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Like a Rock Star, Shakespeare’s First Folio Goes on Tour

“Most often, people don’t think about the logistics behind these kinds of events,” said Whidden. “They’re not thinking about how an artifact gets from the lender to the location, but there’s a whole team of people involved in making that happen in a safe way.” Adding a wrench to the works is the fact that the First Folio will travel to many locations that have never hosted an exhibition of this caliber. During its yearlong tour, the Folio will visit university libraries, museums, and public libraries alike.

The title panel from First Folio! The Book that Gave Us Shakespeare, a traveling exhibition from the Folger Shakespeare Library, in partnership with the Cincinnati Museum Center and the American Library Association. JanuaryDecember 2016. Courtesy of the Folger Shakespeare Library.

A total of eighteen First Folios will be on display during the tour; six will travel at any one time, and each chosen location will host the book for three to four weeks. All of the First Folios will return to the Folger by January 2017.

How will the Folios be transported from the Folger to temporary homes all over the country? That’s top secret. Whidden won’t disclose details, but her team is planning for contingencies from conservation malfunctions to bad weather to natural disasters. “Nothing is risk-free,” she said. “But minimizing those risks is something we care very deeply about.”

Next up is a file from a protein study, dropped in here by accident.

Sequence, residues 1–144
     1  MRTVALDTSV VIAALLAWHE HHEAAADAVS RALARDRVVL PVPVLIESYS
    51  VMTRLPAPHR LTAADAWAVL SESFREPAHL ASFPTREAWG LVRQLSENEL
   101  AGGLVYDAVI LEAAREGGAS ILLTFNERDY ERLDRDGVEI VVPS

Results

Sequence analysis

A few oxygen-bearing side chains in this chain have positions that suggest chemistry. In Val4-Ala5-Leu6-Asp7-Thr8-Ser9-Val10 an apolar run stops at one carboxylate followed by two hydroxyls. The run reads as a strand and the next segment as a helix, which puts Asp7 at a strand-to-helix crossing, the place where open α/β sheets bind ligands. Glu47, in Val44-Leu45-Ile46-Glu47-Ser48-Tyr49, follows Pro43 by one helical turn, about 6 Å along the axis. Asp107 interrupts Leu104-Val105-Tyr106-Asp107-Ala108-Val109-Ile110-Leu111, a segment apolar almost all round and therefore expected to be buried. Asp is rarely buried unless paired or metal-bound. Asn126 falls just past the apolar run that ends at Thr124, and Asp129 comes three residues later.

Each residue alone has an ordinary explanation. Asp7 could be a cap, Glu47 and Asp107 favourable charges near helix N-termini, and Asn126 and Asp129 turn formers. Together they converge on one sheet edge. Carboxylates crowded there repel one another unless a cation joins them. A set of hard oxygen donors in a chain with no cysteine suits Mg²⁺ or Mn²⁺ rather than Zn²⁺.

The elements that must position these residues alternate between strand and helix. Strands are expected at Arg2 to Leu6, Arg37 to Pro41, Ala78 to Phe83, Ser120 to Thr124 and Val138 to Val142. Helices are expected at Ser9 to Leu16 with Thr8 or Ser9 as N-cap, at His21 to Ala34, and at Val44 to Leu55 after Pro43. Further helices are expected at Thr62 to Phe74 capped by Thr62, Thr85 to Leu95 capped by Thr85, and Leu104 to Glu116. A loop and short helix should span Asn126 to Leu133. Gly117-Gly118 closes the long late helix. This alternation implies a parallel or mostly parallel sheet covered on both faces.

“You never know what kind of things will happen,” said Natasha Lyandres, head of rare books and special collections at the University of Notre Dame’s library. As one of the first stops on the tour, Notre Dame has been preparing for the Folio’s arrival for months.

Lyandres admitted that the Folger’s exhibition requirements are stringent. Qualifying institutions had to demonstrate that they had sufficient space, administrative support, and the ability to meet environmental and security protocols. They are also required to organize several related events during the Folio’s stay. At Notre Dame, the rare books and special collections room at the Hesburgh Library will mount its own complementary exhibit, school outreach, and performances with the school’s Shakespeare program.

While visiting various libraries and museums, the First Folio will be opened to display Hamlet’s famous line, “To be or not to be,” from Act III, scene 1. Courtesy of the Folger Shakespeare Library.

The list of pre-show to-dos was long, but that didn’t dampen enthusiasm at Notre Dame. “For us, this is a chance to build new connections with the community,” said Lyandres. “Though we’re a private university, anyone can come and use our collection. This is a chance to reiterate that with something unique and marvelous.”

Scott Jackson, executive director of the school’s Shakespeare program, is just as excited. “This could very well be a once-in-a-lifetime opportunity,” he said, one that will bring Shakespeare “to the center of our campus conversation.” Jackson said he sees the Folio as a banner for the campus and the wider community to rally around.

Instead of sold-out stadiums filled with screaming fans, the First Folio will garner more modestand hushedforms of appreciation. The aim is to showcase Shakespeare’s rich legacy not only to a new generation, but also to those outside of the few places where Folios are usually kept. “A personal encounter with the First Folio is very meaningful,” said Whidden.

Erin Blakemore is a Boulder, Coloradobased historian, journalist, and author of the award-winning The Heroine’s Bookshelf (Harper). Her work has appeared in publications like Time, mental_floss, and Smithsonian.com. Learn more at erinblakemore.com.
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